It takes practice to learn how to be a good friend who is kind, supportive, trustworthy, and a good listener. These are skills kids can begin to learn at an early age.
On the way home from preschool one day, my five-year-old began to tell me a fascinating story. A boy at school had hit him, he shared. “But you can’t tell the teachers about it, Mom!” Alarmed, I asked him for more details.
Compassion means we care about others, treat them with kindness, and feel a strong desire to help people in need. Compassion is empathy in action. For an eight-year-old, compassion might look like giving a hug, making a card, or saying something kind to help a friend or family member who is feeling sad or upset. It can also look like reaching out to a peer who has been left out – or hearing about a community need and wanting to do something to help others, even if they do not know them.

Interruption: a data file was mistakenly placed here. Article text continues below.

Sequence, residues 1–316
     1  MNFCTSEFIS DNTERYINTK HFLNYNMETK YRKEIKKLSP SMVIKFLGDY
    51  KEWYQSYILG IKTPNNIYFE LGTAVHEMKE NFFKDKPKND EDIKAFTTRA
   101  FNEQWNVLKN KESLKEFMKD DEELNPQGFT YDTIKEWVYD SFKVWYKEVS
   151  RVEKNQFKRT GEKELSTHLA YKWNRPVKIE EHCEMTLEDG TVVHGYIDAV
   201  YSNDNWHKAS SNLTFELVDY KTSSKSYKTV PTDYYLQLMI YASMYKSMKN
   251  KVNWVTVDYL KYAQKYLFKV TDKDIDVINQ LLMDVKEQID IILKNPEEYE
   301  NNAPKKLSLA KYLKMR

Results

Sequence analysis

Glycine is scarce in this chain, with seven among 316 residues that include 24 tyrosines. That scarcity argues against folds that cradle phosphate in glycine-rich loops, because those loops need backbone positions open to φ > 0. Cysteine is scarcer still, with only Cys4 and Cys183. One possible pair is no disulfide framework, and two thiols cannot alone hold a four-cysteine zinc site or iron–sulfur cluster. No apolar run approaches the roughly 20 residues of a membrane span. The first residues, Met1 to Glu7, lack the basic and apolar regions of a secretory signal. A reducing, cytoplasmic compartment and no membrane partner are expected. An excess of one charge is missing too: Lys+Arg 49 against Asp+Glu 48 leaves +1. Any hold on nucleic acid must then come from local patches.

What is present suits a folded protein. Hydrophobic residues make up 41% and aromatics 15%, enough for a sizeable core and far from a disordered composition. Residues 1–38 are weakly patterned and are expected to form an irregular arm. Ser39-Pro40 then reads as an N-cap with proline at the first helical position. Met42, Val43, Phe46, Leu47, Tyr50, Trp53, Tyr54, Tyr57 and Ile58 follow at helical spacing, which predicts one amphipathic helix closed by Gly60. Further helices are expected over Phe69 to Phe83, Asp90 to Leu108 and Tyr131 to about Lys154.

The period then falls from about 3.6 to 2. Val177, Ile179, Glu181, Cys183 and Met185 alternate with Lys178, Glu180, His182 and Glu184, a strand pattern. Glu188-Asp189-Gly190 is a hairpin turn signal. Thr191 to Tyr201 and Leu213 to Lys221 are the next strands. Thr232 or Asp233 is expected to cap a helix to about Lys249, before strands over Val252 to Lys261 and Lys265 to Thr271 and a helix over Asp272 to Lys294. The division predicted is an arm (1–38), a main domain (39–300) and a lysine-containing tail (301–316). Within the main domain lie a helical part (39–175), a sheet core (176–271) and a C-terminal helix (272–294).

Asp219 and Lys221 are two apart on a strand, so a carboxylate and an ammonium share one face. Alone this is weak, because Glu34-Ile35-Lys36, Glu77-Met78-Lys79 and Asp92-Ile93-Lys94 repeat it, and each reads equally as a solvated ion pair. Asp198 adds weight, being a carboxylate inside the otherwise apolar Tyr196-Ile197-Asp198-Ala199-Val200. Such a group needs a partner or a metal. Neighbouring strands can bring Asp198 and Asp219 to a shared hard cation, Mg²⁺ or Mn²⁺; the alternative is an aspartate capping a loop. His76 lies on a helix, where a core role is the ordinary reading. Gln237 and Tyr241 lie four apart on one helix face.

Everywhere we look we see ads showcasing the bodies of our cultural ideal—ultrathin women with bright smiles who radiate happiness, and powerful men with just the right amount of muscle who exude self-confidence. Kids are observant, and they pick up on these things. But no one is more influential to children than their parents, which makes it critically important that parents teach children that happiness and self-esteem come from being healthy, not from fitting the advertising industry’s mold.